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Selective mutism affects learning and socialising, but therapy can make a difference

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Updated Jan 17, 2024 by Dr. Sheri Jacobson Dr Sheri Jacobson

Selective Mustism Treatment in London

Does your child become extremely anxious in certain environments, to the point they can’t talk? Or is it you yourself who has long been speechless in certain situations, and it’s left you leading a life of limitations? 

What is selective mutism? 

The definition of selective mutism is that in certain environments or around certain people you will freeze and find you can’t speak, no matter how much you would like to.  

Sometimes called ‘elective mutism’, it’s not necessarily that you are shy. In the presence of those you like and trust you will be social, or even very talkative.

My child won't talk at school  

Selective mutism is often noticed between ages two to four when your child starts preschool, or is otherwise put into new social situations. More common in girls, it’s also often seen in children who have recently moved to a new country where they must speak a language other than their maternal tongue.   

Note that in some cases of selective mutism a child still uses simple words, sounds or gestures. But it is far from their usual language competence. 

But my child is so chatty at home 

It might be a surprise to hear from teachers your child is not talking at school when they are so chatty at home, and otherwise well developed. 

But selective mutism is not about being shy or intellectually challenged. It’s just that certain things trigger feelings of panic, like a form of stage fright. Most people diagnosed with selective mutism are also diagnosed with social anxiety.

A diagnosis of selective mutism 

Selective mutism was previously considered a childhood disorder by the ICD-10, the World Health Organisation’s medical manual that is used for diagnosis in the UK. But it is now being reclassified as an ‘anxiety or fear related disorder’.

To receive a diagnosis, your child must: 

  1. Have language competence in specific social settings but not others.
  2. Have enough of an issue it effects their socialising or learning. 
  3. Struggled for a month or more, not including their first month of school. 
  4. Not struggle simply as the language is not their maternal tongue or is still new to them. 
  5. Not have symptoms better explained by another disorder like autism or neurodevelopment disorder. 

Further symptoms in children  

Other signs of selective mutism can include your younger child: 

  • freezing their body and/or their facial expressions
  • hiding behind you or clinging 
  • sulking or being very distracted
  • showing anxiety in noisy or busy places
  • having tantrums when going to or from a certain place.   

And in older children others signs can look like: 

  • a fear of making mistakes 
  • not able to talk about how they feel but sensitive to how others feel
  • refusing to do oral school presentations
  • bladder infections from fear of asking to go to the toilet at school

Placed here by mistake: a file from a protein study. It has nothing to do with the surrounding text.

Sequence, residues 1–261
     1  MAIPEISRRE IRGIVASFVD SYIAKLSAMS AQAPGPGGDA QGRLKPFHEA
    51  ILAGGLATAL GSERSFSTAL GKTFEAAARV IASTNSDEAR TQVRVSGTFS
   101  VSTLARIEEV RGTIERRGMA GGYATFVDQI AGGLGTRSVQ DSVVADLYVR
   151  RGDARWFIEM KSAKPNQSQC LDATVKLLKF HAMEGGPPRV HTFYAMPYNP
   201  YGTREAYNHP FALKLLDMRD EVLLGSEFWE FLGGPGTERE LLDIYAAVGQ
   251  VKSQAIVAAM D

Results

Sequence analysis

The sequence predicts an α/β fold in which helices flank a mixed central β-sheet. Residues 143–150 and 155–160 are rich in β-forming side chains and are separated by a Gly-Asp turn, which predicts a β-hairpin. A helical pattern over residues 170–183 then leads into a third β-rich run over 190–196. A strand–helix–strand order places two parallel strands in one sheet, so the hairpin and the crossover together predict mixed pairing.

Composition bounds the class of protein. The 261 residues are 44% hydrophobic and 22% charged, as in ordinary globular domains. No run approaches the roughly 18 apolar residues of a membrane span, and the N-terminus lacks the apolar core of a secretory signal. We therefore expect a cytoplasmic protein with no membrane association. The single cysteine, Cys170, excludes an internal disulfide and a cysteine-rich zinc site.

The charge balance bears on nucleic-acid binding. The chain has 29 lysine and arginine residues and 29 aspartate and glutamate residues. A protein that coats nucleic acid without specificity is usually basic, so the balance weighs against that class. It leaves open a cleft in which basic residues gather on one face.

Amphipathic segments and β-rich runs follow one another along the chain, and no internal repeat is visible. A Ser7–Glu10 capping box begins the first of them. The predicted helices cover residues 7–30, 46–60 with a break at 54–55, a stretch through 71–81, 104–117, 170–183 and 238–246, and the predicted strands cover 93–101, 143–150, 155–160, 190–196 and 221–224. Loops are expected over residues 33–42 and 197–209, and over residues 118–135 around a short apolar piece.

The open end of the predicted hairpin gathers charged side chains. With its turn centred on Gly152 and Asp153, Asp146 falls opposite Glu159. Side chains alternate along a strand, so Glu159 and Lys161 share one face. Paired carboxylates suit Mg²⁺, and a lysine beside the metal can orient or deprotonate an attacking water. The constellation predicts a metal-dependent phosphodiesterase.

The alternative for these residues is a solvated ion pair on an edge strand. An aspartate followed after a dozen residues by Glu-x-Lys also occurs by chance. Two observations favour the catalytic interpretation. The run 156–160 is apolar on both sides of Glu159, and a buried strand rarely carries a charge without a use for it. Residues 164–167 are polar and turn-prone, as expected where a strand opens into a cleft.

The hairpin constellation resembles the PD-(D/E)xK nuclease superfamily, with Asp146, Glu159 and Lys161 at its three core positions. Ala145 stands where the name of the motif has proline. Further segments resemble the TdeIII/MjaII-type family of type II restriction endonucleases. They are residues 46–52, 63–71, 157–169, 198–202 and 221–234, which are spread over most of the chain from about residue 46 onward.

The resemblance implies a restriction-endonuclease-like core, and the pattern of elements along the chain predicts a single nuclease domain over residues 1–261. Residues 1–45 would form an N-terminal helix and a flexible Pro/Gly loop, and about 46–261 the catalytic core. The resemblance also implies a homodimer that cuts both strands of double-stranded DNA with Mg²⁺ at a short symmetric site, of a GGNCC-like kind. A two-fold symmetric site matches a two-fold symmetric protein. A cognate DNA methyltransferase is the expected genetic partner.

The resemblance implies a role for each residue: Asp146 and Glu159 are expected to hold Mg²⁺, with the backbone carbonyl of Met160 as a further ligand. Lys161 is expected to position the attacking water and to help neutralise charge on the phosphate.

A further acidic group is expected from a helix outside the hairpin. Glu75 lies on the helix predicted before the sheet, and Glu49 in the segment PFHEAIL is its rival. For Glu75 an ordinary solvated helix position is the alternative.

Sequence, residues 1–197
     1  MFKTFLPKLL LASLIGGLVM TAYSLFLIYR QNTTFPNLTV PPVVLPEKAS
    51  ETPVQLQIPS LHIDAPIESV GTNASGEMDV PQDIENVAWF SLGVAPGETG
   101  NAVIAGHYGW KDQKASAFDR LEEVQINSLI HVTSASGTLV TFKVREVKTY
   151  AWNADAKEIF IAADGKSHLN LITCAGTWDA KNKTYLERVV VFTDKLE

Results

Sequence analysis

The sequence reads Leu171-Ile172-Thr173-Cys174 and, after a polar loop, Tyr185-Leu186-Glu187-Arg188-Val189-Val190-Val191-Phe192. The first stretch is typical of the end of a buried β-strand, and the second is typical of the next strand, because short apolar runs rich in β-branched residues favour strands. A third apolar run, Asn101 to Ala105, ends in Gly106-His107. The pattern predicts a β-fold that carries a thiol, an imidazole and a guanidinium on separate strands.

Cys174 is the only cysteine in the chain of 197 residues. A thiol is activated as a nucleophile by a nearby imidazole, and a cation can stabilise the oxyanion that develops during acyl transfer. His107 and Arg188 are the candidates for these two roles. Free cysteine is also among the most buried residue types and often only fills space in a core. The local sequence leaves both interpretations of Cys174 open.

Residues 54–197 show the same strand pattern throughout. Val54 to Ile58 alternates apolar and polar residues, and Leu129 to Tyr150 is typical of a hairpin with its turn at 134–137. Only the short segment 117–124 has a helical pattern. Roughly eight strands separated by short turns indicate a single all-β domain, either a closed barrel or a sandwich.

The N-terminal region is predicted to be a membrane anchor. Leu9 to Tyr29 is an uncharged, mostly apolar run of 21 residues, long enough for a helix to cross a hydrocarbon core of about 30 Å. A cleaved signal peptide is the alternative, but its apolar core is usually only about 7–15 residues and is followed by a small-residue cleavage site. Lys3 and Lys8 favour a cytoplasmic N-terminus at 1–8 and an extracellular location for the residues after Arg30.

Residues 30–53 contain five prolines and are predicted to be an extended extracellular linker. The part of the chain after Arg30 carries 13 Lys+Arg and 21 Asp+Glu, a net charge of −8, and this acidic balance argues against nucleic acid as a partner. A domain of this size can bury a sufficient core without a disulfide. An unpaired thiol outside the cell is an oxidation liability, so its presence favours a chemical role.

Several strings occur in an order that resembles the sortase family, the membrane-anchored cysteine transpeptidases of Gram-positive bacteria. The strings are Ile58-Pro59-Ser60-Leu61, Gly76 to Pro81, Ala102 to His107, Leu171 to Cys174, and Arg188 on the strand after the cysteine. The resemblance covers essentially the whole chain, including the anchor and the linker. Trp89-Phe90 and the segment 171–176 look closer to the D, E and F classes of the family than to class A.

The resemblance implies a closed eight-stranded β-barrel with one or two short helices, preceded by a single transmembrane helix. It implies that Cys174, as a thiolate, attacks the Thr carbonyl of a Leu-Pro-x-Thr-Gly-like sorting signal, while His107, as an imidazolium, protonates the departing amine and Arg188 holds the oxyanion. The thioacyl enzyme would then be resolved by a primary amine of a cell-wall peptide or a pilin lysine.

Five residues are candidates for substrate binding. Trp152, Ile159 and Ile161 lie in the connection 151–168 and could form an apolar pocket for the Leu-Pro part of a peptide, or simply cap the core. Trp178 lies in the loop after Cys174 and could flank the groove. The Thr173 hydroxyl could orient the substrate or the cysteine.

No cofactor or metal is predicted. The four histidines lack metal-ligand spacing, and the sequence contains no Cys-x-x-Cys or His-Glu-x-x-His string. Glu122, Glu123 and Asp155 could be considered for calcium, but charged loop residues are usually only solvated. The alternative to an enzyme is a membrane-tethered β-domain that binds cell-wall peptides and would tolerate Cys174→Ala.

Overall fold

• not eating or drinking at school
  • often feeling sick on school days. 

Selective mutism in adults and adolescents 

If selective mutism isn’t diagnosed as a child, and you are misunderstood to be shy, defiant, or with learning problems? It can mean you end up an adolescent or adult with selective mutism that sees you live far beneath your potential. 

This can look like: 

  • avoiding job interviews 
  • difficulty with phone calls 
  • unable to stand up for yourself 
  • low self-esteem
  • not liking to go out alone 
  • ending up financially dependent on family or a partner. 

Causes of selective mutism 

The exact causes of selective mutism are unknown. It's thought that many children with the condition are born predisposed to anxiety, with what is called an 'inhibited temperament' from infancy. The stress centre of their brain is overexitable, leading to higher distress and social withdrawal [1].

Note that there is no research to connect childhood trauma to selective mutism. Trauma can cause a child to suddenly stop speaking, but it will be in situations they were previously fine in, and there will be other behavioural changes.

Selective mutism treatment - The Harley Therapy™ approach

Medication can help adolescents and adults if they also suffer from anxiety and depression, but it's not the recommended treatment pathway for selective mutism.

Instead behavioural therapies are suggested, such as CBT, which helps you understand and manage the link between your thoughts, feelings, and actions, and can help you challenge your fears and assumptions. 

Techniques based on CBT can also be used to help children, along with many other behavioural tools such as positive and negative reinforcement and 'stimulus fading'. This sees your child and you talk with a third person, and when things are comfortable, you withdraw. Your child psychologist will explain these techniques and several others with you when making the right treatment plan for your child.

Find your voice again 

Selective mutism treatment at Harley Therapy™ connects you with our team of highly experienced psychiatrists, child and educational psychologists, and psychotherapists, hand selected for their commitment and expertise.

Call us now or complete our online booking form to make an appointment in the City of London, London Bridge or in Harley Street.

[1] Gensthaler A, Khalaf S, Ligges M, Kaess M, Freitag CM, Schwenck C. Selective mutism and temperament: the silence and behavioral inhibition to the unfamiliarEur Child Adolesc Psychiatry. 2016;25(10):1113-1120. doi:10.1007/s00787-016-0835-4.

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